Posted by Robert Half Finance & Accounting on Tuesday, February 10, 2015 - 00:00 | Follow me
You just aced the interview for your first accounting or finance job. Congratulations! Now it’s time for a salary negotiation. You might feel a little uncomfortable naming a starting salary due to your lack of experience in the field and a limited knowledge of finance and accounting salaries. How do you convince your new employer you’re worth every dime you ask for?
Keep in mind you were offered the job for a reason — the employer thinks you have what it takes. You need to know what you have to offer and what you should expect. Here are four tips for maximizing the outcome of your first salary negotiation:
1. Tout your expertise
If you underestimate the value of your overall experience, you’ll undersell yourself. Although you may be new to finance, you wouldn’t be negotiating a starting salary if your prospective employer hadn’t seen something on your resume that piqued his or her interest. Bolster your request by citing specific examples of how you contributed to organizational success in previous roles. Additionally, show employers that you’re worth paying a bit more for by outlining the ways in which you can help them achieve their business goals.
2. Show off your skills
Today’s financial professionals are expected to do much more than crunch numbers and balance the corporate checkbook. It’s likely you picked up many desirable skills in your former positions outside of accounting and finance. Highlight these during your salary negotiation. It helps to know that many accounting and finance jobs are shifting toward data analysis, which means employers value tech prowess and problem-solving abilities. Nontechnical soft skills — such as communication and leadership — are also highly sought, as finance teams regularly collaborate with members of other departments.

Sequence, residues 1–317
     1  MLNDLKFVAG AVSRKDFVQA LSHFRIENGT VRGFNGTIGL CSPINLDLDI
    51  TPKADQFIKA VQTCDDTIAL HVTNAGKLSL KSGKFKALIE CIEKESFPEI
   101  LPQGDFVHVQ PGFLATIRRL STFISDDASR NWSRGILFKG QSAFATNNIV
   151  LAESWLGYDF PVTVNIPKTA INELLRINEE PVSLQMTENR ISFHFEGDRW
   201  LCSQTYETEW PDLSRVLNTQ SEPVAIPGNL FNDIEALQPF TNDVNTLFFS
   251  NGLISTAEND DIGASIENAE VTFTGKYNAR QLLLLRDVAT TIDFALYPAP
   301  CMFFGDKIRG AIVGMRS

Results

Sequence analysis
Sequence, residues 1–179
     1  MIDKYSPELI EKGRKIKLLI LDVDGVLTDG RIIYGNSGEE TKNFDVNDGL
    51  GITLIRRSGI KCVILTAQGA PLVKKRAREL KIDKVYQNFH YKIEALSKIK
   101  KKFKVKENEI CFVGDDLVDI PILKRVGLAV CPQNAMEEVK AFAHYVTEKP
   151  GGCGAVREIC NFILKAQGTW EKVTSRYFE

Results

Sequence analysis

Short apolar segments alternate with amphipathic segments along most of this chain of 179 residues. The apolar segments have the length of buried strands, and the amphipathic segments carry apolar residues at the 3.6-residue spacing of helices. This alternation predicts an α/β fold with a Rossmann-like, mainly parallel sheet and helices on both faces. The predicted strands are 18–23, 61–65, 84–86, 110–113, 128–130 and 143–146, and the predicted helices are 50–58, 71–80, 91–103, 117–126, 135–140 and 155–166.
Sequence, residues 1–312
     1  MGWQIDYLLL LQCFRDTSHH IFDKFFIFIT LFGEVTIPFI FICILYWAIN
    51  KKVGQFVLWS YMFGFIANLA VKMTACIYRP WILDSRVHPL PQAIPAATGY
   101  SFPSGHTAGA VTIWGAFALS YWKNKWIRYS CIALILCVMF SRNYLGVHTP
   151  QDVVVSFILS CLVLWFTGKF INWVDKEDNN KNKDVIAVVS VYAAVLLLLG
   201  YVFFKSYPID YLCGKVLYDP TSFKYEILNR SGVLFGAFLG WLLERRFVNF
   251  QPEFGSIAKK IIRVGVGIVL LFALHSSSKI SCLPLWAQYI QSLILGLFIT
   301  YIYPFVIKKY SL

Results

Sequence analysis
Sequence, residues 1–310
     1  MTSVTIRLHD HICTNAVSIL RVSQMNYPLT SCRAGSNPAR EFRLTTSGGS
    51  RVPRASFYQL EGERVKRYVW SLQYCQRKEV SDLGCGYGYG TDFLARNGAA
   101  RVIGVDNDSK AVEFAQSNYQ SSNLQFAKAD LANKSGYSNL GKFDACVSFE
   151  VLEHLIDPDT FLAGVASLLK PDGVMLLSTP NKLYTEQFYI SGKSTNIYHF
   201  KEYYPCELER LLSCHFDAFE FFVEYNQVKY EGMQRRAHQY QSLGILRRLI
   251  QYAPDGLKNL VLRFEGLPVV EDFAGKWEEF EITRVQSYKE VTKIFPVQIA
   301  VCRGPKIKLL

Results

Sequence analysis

3. Emphasize degrees and certifications
In most cases, advanced degrees and certifications automatically take your starting salary up a notch or two. CPAs and CMAs are certainly desirable, but you can play up other credentials in salary negotiations as well. According to the 2015 Salary Guide from Robert Half for accounting and finance, candidates with an MBA or project management professional (PMP) certification are on many companies’ wish list. Make certain your employer appreciates the value you’ll bring the organization with your demonstrated dedication to your career.
4. Know what you’re worth
To estimate your market value, take a look at what others in your field are earning. Our 2015 Salary Guide provides a detailed listing of finance and accounting salaries for some of the hottest positions. You can get an even more specific idea of the going rate for your new position by using our salary calculator that provides salaries by region.
Make sure you have a solid understanding of what you’re worth before the day arrives for a salary negotiation. When you appreciate the value of your talents and expertise, you increase your chances of securing a satisfying salary.
Do you have tips for professionals negotiating their first finance and accounting salaries? Share them in the comments section.